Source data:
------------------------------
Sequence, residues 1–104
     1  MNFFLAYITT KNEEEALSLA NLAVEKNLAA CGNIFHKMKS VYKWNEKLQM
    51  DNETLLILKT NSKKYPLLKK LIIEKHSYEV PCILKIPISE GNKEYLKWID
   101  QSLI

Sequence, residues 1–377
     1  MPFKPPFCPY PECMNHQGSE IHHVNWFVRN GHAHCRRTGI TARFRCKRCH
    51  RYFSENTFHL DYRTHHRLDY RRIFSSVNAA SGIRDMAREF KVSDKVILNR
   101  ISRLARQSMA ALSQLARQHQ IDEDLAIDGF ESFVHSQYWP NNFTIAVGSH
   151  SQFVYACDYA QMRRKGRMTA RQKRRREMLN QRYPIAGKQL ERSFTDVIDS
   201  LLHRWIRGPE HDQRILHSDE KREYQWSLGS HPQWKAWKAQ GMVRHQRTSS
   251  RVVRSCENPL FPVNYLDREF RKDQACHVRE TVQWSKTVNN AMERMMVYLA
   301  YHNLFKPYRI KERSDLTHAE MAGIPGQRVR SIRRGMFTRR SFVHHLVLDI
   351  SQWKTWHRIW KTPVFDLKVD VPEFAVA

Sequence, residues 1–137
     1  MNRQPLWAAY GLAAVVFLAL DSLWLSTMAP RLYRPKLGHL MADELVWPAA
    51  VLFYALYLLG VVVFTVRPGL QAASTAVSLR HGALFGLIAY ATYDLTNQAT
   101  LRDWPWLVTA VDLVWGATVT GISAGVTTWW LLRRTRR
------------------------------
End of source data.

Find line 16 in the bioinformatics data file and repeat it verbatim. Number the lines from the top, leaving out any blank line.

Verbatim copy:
    51  VLFYALYLLG VVVFTVRPGL QAASTAVSLR HGALFGLIAY ATYDLTNQAT